Each of these breeds has their own story and characteristics which I recognize and expect when their fiber comes through my door. Every diverse fleece can be appreciated for what it is, and designed for best use. I especially love seeing natural colored fleeces (any color besides white) in any breed. Don’t get me wrong, I love white as well. Natural colored fleeces are adored though, because there are so few in comparison to white, which are in higher demand for commercial use. That is not to imply commercial processing is bad. I appreciate and deeply admire the large mills in our country who have survived very hard times in order to remain domestic producers. They play an important role, and we need them. Their products, however, are different from mine because their process is different. Not bad, just different.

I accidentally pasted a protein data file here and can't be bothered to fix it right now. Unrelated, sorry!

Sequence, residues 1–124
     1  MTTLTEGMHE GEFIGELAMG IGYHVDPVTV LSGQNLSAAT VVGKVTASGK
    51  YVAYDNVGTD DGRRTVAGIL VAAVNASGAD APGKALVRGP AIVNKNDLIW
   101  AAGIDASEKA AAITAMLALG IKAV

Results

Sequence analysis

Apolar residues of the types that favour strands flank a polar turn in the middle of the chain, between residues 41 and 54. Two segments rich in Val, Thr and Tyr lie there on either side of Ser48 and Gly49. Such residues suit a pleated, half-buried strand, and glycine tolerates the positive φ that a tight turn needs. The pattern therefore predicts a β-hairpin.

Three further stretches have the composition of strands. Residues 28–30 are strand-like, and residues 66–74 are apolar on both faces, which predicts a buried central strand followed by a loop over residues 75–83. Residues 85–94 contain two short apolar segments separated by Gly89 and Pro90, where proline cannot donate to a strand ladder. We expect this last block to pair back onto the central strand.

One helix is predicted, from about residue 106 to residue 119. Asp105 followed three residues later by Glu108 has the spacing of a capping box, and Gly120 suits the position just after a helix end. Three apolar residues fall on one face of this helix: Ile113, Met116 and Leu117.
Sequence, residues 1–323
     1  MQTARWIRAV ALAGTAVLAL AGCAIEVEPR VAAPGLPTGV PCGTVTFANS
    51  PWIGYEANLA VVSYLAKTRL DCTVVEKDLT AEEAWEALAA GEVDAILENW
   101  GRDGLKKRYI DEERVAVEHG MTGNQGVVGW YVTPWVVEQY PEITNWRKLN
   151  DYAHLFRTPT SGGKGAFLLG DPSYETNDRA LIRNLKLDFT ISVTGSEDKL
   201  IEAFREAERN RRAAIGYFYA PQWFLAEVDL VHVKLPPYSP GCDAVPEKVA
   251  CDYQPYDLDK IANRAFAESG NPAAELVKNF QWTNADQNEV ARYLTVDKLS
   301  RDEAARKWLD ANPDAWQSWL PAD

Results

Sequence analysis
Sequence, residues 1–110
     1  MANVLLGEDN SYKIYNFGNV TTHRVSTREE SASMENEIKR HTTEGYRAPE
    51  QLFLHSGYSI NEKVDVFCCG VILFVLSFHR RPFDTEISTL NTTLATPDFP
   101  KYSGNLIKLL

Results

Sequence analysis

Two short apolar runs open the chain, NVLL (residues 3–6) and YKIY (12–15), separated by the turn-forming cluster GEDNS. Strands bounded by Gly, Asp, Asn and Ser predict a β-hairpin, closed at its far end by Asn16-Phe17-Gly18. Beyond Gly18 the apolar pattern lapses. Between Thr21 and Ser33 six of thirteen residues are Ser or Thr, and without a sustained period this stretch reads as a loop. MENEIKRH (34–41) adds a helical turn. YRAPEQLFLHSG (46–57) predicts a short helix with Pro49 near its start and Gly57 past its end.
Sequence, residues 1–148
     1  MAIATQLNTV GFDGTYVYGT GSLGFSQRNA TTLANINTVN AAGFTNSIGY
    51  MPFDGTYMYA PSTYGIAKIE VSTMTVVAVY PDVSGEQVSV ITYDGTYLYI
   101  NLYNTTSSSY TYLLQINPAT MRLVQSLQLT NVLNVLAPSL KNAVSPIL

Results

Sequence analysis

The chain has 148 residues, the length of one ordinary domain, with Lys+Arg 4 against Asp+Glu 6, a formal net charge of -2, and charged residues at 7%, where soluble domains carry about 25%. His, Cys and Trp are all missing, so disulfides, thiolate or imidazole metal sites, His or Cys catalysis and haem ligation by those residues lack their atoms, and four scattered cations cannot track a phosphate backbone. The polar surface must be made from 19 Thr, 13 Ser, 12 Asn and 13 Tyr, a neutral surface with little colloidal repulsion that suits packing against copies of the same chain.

When large quantities of wool are baled and sold at auction for large production mills, the quality of the fiber is evaluated in a laboratory by taking a core sample and running it through a series of tests that give a summary of its quality, cleanliness, and fineness. At my mill, I buy direct from farmers and evaluate each fleece by hand. I take great pride in this. I think of the work I do as “reading” each fleece in order to decide how to make best use of its characteristics. It keeps me connected with the people and animals who I rely on to make yarn. I also feel it adds a “living” quality to my yarn because it allows me to acknowledge and preserve the authentic attributes in each batch and even spotlight exceptional ones. There technical aspects this work of course, but when its just me and a bag of fiber, I'm all zen. My creative centers light up and my mind races around all the ways to spin, blend or card the fiber in front of me. I feel a thrill of excitement every single time I look into a bag or bale of fiber. I love it all. This is my art.